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Ex-CEO of Banks Island Gold Mine acquitted of obstruction charge

Prince Rupert judge said he cannot be satisfied beyond a reasonable doubt
Mine sediments flow toward a lake from the Yellow Giant Gold Mine on Banks Island. This photo was taken in June 2015 by former mine safety manager Brent Edmunds. (Brent Edmunds photo)

Former CEO of the now-bankrupt Banks Island Gold Mine, Benjamin Mossman, has been acquitted of one of his charges.

On March 6, Judge Herman Seidemann delivered his judgment in the Prince Rupert courthouse.

“I cannot be satisfied beyond a reasonable doubt that Flynn [the mines inspector] was obstructed,” said Seidemann in the courtroom. “Mr. Mossman’s reply [to the mines inspector] is responsive and true… The fact is, he was not asked about prior occurrences.”

Crown counsel was recommending that Mossman had committed an offence, under section 37.1 of the B.C. Mines Act, that the former CEO had obstructed, impeded or interfered with an inspector carrying out his duties.

The only witness to testify in this case was Doug Flynn, senior inspector of Mines Health and Safety. Flynn had received emails on July 2, 2015 with photos of discharge from mining activity on Banks Island within the Gitxaała Nation.

Earlier that year, from June 24-25, heavy rains had caused mine waste from an exploratory site to overflow and discharge into the surrounding environment. Aquatic biologist for the mine, Allegra Cairns, had estimated the volume of unauthorized tailings, or mine waste, was 197 cubic metres of water and 116 kg of sediment.

READ MORE: Witnesses testify in court on Banks Island Mine disaster

At the time Mossman wasn’t on site, stated Seidemann as he read his judgment. However, Mossman was made aware of the pollution from the mine spilling beyond the company’s permitted area. He had asked Cairns to make a report on the incident.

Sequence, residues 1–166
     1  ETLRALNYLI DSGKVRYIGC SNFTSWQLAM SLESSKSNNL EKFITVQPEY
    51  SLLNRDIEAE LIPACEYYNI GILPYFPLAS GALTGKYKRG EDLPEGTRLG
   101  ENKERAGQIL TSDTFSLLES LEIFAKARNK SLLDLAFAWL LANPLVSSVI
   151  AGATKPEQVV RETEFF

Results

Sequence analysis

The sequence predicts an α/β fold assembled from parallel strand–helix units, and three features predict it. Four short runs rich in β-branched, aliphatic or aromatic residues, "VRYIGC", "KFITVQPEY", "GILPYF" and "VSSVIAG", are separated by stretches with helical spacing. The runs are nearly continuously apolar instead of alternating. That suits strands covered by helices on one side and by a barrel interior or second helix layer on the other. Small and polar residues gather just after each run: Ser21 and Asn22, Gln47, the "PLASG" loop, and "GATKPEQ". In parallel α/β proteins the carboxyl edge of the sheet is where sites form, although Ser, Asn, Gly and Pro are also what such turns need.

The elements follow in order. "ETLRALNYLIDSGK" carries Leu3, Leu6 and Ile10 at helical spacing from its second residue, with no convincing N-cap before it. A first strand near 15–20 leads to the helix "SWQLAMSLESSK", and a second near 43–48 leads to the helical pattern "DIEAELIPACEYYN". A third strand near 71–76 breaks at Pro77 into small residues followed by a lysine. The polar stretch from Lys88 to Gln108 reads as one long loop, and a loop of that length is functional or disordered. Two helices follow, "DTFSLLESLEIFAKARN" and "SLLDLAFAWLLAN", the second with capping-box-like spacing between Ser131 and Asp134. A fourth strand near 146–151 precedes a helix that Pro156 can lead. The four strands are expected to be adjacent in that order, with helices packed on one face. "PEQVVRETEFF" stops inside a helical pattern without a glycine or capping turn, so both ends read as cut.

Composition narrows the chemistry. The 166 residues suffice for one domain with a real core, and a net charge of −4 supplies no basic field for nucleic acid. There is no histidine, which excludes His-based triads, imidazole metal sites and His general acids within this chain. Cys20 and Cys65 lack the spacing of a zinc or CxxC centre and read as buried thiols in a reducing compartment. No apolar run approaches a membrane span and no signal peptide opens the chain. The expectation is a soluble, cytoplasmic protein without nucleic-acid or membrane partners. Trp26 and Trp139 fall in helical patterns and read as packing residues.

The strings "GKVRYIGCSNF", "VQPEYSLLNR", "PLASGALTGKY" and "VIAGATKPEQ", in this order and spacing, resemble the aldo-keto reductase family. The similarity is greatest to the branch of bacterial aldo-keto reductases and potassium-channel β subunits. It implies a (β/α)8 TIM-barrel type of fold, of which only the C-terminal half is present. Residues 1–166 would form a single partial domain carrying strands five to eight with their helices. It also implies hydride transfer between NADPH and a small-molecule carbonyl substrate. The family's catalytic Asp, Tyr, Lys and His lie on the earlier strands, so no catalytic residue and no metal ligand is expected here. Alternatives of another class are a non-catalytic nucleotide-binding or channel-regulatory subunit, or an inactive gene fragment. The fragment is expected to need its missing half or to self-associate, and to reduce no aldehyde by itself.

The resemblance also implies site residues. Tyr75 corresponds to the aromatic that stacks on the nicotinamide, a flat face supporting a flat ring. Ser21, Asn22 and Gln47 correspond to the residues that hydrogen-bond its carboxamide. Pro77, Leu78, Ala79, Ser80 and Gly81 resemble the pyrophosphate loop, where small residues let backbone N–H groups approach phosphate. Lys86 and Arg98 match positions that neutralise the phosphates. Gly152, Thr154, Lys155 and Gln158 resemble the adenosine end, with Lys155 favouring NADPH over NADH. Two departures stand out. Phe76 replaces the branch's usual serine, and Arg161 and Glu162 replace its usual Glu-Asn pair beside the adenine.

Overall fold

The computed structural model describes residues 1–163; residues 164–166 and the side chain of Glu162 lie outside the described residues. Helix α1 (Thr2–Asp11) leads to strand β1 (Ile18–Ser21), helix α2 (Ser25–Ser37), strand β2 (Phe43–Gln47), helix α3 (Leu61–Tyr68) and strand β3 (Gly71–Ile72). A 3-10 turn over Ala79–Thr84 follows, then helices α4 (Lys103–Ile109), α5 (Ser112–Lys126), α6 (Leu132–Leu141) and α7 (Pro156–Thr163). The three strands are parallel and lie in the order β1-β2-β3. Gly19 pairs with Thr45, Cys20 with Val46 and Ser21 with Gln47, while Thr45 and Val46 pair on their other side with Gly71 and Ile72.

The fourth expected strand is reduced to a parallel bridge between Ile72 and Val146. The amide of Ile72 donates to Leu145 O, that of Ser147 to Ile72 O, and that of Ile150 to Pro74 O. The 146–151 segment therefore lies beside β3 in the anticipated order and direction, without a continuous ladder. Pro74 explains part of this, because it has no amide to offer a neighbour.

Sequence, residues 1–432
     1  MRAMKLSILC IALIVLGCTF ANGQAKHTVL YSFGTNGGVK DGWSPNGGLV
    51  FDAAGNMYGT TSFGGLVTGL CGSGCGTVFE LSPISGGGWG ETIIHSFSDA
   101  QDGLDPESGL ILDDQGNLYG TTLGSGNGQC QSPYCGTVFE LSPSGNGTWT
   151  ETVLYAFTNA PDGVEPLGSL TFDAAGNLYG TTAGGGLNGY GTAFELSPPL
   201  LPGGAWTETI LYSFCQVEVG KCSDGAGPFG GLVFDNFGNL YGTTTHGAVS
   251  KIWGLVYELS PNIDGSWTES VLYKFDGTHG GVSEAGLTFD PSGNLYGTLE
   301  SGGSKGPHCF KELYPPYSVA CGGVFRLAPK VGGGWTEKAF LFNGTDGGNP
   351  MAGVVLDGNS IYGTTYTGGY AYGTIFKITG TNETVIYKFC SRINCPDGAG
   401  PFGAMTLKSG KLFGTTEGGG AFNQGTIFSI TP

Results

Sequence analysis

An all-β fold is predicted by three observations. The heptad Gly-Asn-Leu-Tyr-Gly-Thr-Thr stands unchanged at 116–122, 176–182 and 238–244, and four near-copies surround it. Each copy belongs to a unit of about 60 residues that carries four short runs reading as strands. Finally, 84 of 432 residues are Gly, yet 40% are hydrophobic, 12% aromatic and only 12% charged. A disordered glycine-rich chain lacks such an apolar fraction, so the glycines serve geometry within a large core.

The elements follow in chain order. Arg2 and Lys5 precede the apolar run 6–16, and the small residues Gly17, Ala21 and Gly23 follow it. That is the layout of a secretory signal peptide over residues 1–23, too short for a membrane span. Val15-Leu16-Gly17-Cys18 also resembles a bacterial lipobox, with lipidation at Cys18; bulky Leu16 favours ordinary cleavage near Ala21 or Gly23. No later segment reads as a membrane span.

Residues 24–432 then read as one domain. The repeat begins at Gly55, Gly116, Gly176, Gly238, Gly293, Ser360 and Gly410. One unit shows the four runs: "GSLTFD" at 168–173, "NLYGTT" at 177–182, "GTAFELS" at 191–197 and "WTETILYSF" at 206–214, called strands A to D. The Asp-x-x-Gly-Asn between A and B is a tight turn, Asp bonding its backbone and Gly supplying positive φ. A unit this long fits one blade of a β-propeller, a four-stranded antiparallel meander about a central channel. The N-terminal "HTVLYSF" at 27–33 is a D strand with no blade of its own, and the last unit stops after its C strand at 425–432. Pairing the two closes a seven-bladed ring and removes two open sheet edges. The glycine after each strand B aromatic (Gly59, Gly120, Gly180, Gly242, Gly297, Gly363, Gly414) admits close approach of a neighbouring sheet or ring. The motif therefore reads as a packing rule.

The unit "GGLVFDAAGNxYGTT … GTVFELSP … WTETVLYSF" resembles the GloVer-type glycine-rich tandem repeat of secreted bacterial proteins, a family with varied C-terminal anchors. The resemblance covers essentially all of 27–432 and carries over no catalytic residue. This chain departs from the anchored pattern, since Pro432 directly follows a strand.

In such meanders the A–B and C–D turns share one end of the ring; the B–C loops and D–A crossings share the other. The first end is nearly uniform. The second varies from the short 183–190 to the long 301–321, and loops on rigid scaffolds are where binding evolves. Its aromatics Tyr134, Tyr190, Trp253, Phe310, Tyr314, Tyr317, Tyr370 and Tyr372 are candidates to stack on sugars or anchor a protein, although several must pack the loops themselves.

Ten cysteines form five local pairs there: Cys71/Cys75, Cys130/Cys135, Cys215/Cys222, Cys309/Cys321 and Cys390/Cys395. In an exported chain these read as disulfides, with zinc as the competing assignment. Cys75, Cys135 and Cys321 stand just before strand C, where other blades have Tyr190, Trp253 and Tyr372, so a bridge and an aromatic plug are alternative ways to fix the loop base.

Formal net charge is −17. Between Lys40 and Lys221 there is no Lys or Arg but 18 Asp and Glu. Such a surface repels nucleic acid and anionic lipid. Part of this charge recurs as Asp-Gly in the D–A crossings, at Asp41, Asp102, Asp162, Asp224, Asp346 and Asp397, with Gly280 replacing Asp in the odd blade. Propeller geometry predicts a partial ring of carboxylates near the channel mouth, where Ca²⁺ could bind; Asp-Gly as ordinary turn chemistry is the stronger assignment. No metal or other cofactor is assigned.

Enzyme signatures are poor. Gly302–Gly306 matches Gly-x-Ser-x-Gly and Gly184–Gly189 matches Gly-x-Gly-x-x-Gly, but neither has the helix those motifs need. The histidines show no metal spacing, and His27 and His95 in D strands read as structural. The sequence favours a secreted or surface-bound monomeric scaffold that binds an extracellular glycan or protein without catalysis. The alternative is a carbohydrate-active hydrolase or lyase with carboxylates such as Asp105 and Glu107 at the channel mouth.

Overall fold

Flynn sent an email to Mossman on July 2: “Ben, it has come to my attention that Banks Island Gold may be discharging mine effluence in an area that may contain fish…” Yet, the mines inspector didn’t include the photos he received of the discharge in the email.

Mossman replied to Flynn later that day saying that there was no discharge of mine effluence other than the discharge at the permitted site.

Crown counsel argued that Mossman didn’t notify Flynn of the June 24-25 discharge, and was therefore obstructing the mines inspector from doing his job.

Seidemann said in his judgment that Flynn’s email to Mossman stated that Banks Island Gold “may be discharging” and “did not suggest something that has happened in the past and stopped.”

“He was never asked if there had been other discharges.”

Mossman was acquitted in this charge under the Mines Act. On Dec. 6, 2018, the mining company’s CEO was given a $15,000 penalty after he was found guilty of one Fisheries Act violation and one Environmental Management Act violation.

READ MORE: Court assesses $15,000 penalty in Banks Island Mine case

READ MORE: Bankrupt mining company now faces 35 charges for Banks Island mess

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Shannon Lough | Editor
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